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5 key steps for the new government on tackling corruption

Written by Robert Barrington on Tuesday, 26 July 2016

The last month has felt strangely reminiscent of Lenin’s remark that “There are decades where nothing happens; and there are weeks where decades happen”.  For the anti-corruption movement, this has already been a significant year in the UK: in April, shortly after the Panama Papers revelations, the Home Office published a far-reaching Anti-Money Laundering (AML) Action Plan, including promises on Unexplained Wealth Orders; the UK galvanised the international community into signing up to over 600 anti-corruption commitments at a summit in May; and June saw the introduction of a public beneficial ownership register for companies registered in the UK.  But that all seems a long time ago. Now, we have a new Prime Minister, a change of government and as yet no clear direction on what will happen to the UK’s approach to tackling corruption at home or abroad.  Will efforts be scaled up or scaled back – and will any issues be a priority apart from the economy and Brexit?

As the UK enters a post-Brexit world, we see both risks and opportunities for the UK around tackling corruption.

The key risk is that at a time of economic uncertainty, critical standards and safeguards will be relaxed and existing commitments, such as the AML Action Plan, will be disregarded.  As we have seen in other countries, this might lead to the UK losing its reputation as a clean and stable market in which to do business, deterring inward investment.  It could damage the City’s negotiating position on important issues such as passporting rights, as well as causing a deterioration in the UK’s standing in the world.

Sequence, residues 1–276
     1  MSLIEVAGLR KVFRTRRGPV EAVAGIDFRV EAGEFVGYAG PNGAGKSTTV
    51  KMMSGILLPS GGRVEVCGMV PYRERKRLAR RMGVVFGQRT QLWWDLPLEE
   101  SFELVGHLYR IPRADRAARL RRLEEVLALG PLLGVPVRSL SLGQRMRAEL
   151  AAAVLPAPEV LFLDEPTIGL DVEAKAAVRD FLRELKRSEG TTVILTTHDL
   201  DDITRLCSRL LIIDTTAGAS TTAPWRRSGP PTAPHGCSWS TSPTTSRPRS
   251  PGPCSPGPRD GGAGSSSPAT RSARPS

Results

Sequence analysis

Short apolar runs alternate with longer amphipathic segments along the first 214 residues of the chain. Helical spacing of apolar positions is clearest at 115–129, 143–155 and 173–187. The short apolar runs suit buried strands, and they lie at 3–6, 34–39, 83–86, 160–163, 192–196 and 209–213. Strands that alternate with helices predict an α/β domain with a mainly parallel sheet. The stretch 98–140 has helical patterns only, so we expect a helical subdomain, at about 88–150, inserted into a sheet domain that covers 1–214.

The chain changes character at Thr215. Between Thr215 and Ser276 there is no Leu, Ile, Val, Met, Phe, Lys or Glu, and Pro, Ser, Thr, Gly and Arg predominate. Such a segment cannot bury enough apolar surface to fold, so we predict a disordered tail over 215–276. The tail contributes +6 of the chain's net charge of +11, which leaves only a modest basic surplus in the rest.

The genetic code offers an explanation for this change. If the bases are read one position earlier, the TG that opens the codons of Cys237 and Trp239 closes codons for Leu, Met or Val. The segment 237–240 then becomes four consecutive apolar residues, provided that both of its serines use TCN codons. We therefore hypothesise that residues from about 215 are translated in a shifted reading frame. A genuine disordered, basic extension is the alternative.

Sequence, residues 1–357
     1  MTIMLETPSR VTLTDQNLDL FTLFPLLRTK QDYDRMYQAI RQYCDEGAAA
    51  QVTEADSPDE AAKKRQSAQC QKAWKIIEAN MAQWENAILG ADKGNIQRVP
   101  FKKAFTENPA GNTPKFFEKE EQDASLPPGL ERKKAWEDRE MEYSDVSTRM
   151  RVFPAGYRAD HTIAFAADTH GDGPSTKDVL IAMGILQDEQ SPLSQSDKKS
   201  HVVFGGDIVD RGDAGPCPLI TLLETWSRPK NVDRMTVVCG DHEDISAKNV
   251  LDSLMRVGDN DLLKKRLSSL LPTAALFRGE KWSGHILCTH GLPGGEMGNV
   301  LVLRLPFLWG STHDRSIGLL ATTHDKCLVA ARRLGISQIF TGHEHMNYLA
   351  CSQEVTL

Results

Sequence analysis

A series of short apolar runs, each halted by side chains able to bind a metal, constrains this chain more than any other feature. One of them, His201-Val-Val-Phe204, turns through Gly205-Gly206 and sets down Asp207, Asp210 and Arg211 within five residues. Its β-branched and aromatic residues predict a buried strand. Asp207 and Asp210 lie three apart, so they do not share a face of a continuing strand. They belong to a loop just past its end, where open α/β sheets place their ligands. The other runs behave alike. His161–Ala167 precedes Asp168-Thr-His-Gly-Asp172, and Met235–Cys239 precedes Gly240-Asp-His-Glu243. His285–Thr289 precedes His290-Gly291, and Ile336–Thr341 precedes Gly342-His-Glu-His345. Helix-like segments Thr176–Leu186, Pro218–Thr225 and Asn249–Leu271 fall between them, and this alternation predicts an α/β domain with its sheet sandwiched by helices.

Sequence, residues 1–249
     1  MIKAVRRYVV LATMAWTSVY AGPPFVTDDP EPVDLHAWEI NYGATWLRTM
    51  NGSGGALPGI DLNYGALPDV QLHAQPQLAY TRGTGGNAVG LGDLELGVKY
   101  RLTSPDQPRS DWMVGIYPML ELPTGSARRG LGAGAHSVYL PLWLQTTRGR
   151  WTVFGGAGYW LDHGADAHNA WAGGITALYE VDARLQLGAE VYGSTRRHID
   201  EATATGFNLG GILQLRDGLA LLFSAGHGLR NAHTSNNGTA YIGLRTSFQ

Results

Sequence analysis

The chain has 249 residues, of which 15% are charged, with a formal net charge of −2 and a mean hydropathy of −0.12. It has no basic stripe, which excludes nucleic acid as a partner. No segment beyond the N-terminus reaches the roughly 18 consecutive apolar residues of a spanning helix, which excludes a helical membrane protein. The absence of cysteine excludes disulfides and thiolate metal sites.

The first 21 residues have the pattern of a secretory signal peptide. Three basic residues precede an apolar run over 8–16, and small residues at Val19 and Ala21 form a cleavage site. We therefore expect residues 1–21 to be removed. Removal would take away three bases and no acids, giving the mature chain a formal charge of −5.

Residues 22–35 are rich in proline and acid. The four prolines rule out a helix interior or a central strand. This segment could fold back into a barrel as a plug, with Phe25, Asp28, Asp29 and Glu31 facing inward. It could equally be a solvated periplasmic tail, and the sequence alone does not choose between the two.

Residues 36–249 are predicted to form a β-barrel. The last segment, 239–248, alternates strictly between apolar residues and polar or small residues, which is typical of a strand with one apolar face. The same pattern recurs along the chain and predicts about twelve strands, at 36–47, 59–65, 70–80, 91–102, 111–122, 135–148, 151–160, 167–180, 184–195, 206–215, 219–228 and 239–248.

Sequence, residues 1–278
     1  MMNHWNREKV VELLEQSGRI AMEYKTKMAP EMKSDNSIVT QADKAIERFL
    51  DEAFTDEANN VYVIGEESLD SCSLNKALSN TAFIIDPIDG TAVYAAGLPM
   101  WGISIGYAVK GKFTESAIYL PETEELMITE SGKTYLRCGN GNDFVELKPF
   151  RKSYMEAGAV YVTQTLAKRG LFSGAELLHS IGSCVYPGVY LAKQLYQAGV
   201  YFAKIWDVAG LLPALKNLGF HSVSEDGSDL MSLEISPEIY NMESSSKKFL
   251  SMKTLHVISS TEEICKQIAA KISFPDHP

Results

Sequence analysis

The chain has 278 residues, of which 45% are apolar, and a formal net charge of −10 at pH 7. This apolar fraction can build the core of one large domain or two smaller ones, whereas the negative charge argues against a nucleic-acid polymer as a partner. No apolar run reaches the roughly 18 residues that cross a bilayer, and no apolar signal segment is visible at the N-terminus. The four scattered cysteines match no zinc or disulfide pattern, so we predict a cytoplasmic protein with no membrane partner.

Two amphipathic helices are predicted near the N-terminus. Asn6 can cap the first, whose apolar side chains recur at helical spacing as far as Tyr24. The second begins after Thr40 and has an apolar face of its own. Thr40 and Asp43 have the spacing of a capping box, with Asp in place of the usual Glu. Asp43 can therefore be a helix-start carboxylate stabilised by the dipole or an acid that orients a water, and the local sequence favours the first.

By contrast, a renewed commitment to transparency, open government and anti-corruption measures could have the opposite effect.  It would strengthen the UK’s and the City’s reputations as fair and efficient markets and send a clear message to the world about what kind of country the UK wants to be.  Equally important, it would help to restore confidence in politics and public institutions among ordinary people in the UK.

The good news is that much of the anti-corruption action of recent months has been driven by the Home Office, and so one might reasonably assume that with the former Home Secretary as Prime Minister, it will be business as usual.  It’s also the case that many of the subjects that seem to resonate in a post-referendum political discourse are inextricably linked with corruption, accountability and institutional integrity.

With this in mind we have identified 5 priority areas for the new Prime Minister to address during her first hundred days:

1) Strategy – embed fighting corruption with a coherent and unified strategy.  Cabinet and Home Office officials have been working on a long-term strategy for combating corruption in the UK, to work in tandem with the National Anti-Corruption Plan. The aspiration should be to produce a world class strategy, clearly laying down a marker for what this government stands for in the UK and sending out a powerful message to the wider world about the importance the UK attaches to the rule of law, global security and a business-friendly corruption-free trading environment.